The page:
I was his scapegoat.
Whenever anything in his life went wrong, he managed to twist it around in his head so that it was my fault. Even when it wasn’t. Even when it had absolutely nothing to do with me.
“I made this bad decision and it turned out to be a bad decision but it was all your fault because I asked you for advice, I asked you to tell me what to do and you wouldn’t and because you wouldn’t help me, I crumbled under the pressure and made a bad decision. This is all your fault!”
Of course, the alternative was much easier — “You told me to do that and I did it and now it went all wrong and it’s all your fault because I took your advice.” — but no matter which way the dice rolled, everything was my fault.
And when it wasn’t my fault, it was the kids’ fault. Yes, you heard that right. Every thing they damaged or broke, they did it on purpose just to make his life more difficult. Everything from Gina’s collision with a deer to the window risers breaking after eight-year-old Ricky closing the car door.
Yes, actually, he’s really SuperRicky and could, even at the age of 8, slam a car door so hard that the window would slide down and refuse to allow the car’s electronic motor to cause the window to slide back up! Clearly, I should have named him BamBam.
Looking back, it’s all pretty ridiculous. Not so much when you’re living right in the middle of it. Probably the best think I can say about my response to this ridiculousness is that I tried my best to protect my children from the damage of this stuff (with marginal success). Unfortunately, in protecting them, I often neglected myself.
Yesterday, betternotbroken asked:
So how has your life experience or escape from hell helped you assist others? How do you coach others find health and self-love? Or do you sit back and watch the show on the bench?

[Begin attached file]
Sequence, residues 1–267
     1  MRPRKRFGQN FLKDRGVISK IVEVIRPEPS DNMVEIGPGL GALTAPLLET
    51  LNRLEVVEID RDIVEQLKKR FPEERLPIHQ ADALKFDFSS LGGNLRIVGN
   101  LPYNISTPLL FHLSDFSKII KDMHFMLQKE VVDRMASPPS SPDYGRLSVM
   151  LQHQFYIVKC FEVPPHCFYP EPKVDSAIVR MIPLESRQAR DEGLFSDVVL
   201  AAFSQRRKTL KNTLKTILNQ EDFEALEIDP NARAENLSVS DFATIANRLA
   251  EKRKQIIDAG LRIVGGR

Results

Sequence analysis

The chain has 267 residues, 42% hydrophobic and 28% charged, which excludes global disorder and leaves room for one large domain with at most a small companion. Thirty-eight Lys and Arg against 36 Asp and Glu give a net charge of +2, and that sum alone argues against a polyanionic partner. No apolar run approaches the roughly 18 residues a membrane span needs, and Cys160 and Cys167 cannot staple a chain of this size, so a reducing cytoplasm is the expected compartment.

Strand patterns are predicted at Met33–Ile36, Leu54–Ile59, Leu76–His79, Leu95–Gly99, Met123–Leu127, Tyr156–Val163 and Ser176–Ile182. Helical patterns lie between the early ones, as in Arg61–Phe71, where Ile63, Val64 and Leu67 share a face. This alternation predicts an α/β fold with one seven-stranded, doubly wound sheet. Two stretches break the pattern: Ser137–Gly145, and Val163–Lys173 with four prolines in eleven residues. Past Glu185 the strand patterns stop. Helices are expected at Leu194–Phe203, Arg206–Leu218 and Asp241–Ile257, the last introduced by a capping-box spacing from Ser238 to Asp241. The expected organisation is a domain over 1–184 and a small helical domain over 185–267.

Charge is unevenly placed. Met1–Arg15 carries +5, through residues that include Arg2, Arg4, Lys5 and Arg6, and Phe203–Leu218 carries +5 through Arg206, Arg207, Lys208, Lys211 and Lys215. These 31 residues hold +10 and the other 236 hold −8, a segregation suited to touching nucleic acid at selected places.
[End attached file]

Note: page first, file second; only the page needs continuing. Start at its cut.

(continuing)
My answer: It hasn’t because I don’t.
Well, let me backpeddle a little. My life has helped me to acquire wisdom … some. On the other hand, I hesitate to call myself wise when I let That Man do what he did to me and my family, without me even realizing what was going on until after he was gone. And I think that most of my interpersonal insight doesn’t even come from him so much as it comes from the things I have learned about myself — because the most important thing I have learned about myself is that I’m not better than anybody and I’m not in a position to pass judgement.
That said …
It would be untrue for me to say that there is nobody in my entire world who couldn’t use a bit of run-screaming-from-the-room, anti-abuse coaching. But I also know that, if I shoved my oar in where it hadn’t been invited, then I’m not coaching. I’m fixing. And that means I’m being intrusive and managing and controlling and codependent and irresponsible.
Sometimes, it’s really hard for me to keep my mouth shut. But, if I’m honest, I can see that some people simply are not going to learn anything at all from me. If they’re lucky, they will learn it from life. If they’re not lucky, they won’t learn it at all and their lives will be trashed.
That’s not to say that I sit around thinking “pass the popcorn” when somebody I care about is letting themselves be abused. It’s just that I am aware of my limitations. Maybe I’ll get a chance to help down the road. Meanwhile, I’ll be here when they need me and I’ll be here when they think they don’t.
And I guess there’s something else, too.
I spent 27 years being his scapegoat. I’m not going to go there again, not if I can help it.